The World Bank Group headquarters in Washington on September 27. The bank is at the centre of the MDB system. Photo: Bloomberg
by Anthony Rowley
by Anthony Rowley

World is waking up to how multilateral development banks can fund social good

  • Calls are growing for MDBs to play a bigger role in tackling global challenges, from climate change to infrastructure renewal, as an elegant solution to channelling savings into long-term investment

Stock markets have been the king of the castle – in terms of influence, if not size, relative to other forms of financing – for longer than is good for the global economy and the financial system. They may not be about to be toppled completely but they face the prospect of being cut down to size.

This has less to do with the latest bear market (one of a depressingly long series of such slides) as with the dawning realisation that stock markets have not been doing a good job of converting savings into long-term investment, and that new financial intermediaries are needed.
We see this in the growing calls for a boost to the capital of government-owned multilateral development banks (MDBs) such as the World Bank, so they can play a bigger role in financing the battle against climate change, infrastructure renewal, fighting pandemics, and so on.

MDBs are an elegant concept and, if they had not existed for decades, we would certainly need to invent them now. But they have been greatly underused, owing largely to an ideological bias in Western economies in favour of market financing and private-sector solutions.

Yet stock markets have fallen down on the job of providing finance for multitrillion-dollar socio-economic priorities. Instead, they have funnelled savings on a massive scale into consumer-oriented “tech” situations – a boom now gone bust.

The calls for development banks to assume a greater role in financing have been heard widely of late, from the Asian Development Bank (ADB) meeting in Manila last month to the recent World Bank meeting in Washington. And they are likely to be echoed at November’s G20 summit in Bali.

If markets can’t be trusted to invest wisely, governments should step in

One precipitating event at the G20 meeting will be the formal unveiling of the ADB’s Energy Transition Mechanism (ETM) which represents an imaginative way of combining public and private financing from sources as diverse as governments, MDBs, pension funds, philanthropies and so on.
The ETM aims to tackle the huge problem of “ stranded assets” by buying up coal-fired power plants in Indonesia, Vietnam and the Philippines, closing them ahead of schedule and replacing their output with renewable energy. It could become “the largest carbon reduction programme in the world”.
A pilot project is under way in the Philippines and G20 chair Indonesia is expected to announce another pilot scheme at the summit. The meeting coincides with the COP27 UN climate change summit in Egypt’s Sharm el-Sheikh and there, too, the issue of an expanded financing role for MDBs is likely to loom large.
An Afghan girl warms her hands, resting from carrying water on December 14. The Middle East is one of the most vulnerable regions to climate change. Photo: AP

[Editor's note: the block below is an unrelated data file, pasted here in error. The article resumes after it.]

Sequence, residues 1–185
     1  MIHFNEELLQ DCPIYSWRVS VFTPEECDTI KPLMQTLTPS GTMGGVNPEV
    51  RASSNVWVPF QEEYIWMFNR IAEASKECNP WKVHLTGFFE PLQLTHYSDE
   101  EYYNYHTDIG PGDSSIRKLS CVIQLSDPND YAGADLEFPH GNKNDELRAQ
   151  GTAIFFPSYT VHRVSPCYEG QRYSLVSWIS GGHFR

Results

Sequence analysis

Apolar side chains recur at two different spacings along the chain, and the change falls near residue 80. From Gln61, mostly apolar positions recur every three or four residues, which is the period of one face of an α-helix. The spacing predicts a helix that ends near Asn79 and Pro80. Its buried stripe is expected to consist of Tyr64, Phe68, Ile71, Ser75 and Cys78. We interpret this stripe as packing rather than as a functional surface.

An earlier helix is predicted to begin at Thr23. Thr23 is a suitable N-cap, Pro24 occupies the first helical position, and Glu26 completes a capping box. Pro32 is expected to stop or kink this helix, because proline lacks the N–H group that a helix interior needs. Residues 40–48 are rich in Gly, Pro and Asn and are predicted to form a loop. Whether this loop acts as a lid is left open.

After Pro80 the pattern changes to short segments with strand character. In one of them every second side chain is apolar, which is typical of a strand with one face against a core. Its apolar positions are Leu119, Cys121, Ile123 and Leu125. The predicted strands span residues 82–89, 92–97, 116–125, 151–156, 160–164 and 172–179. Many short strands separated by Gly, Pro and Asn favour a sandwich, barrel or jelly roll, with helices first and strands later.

The potential for MDBs to play a much expanded role in organising and financing mega capital projects extends well beyond the area of climate change, as the G7 nations recognised in June 2021 by calling for greater MDB involvement in infrastructure provision.

Fully exploited, MDBs (among which there are some 25 principal multilateral and regional institutions worldwide, led by the World Bank) could constitute an alternative to stock markets as a conduit for channelling billions or even trillions of dollars into long-term investment.

Because they are owned by as many as 189 governments, including the world’s leading economic powers, these MDBs are able to borrow many billions of dollars on international bond markets at relatively low rates of interest, with only small amounts of paid-in capital. They thus produce a big bang for the buck.

Their bonds can be bought only by huge institutional investors like pension funds or insurance companies, but given a little financial ingenuity and political will, there is no obvious reason MDBs should not issue a wider range of financial securities to attract smaller investors.

Market slump is perfect time to launch climate banks and bonds

A first step, as the International Monetary Fund has suggested, would be to increase MDBs’ capital so they can make greater use of equity finance and draw much more private finance by broadening their investors base to include banks, investment funds, institutional investors and philanthropic capital.

Such moves are key, for example, to fund the battle against climate change because, while millions of investors are eager to put their money behind this fight, they are restricted to indirect and often ineffective ways of doing so such as via ESG investment, buying green bonds and the like.

In a recent blog, the IMF argued that it was “unclear whether very large and quickly growing environmental, social, and governance, or ESG, investment flows alone could have a real impact in scaling up private climate finance.” Yet scaling up is precisely what is needed, and MDBs seem the way to go.

The trouble is, MDBs are “caught between a rock and a hard place by [expanded] mandates and stagnating resources”, to quote Britain’s Overseas Development Institute. They are expected to address challenges ranging from economic development to humanitarian crises, pandemics and many more.

The message is that MDBs need more resources – financial and human – and political support. The magic of the marketplace needs to give way to a more sober assessment of what role multilateral public institutions can play in tackling the needs of both “market” and state economies.

Anthony Rowley is a veteran journalist specialising in Asian economic and financial affairs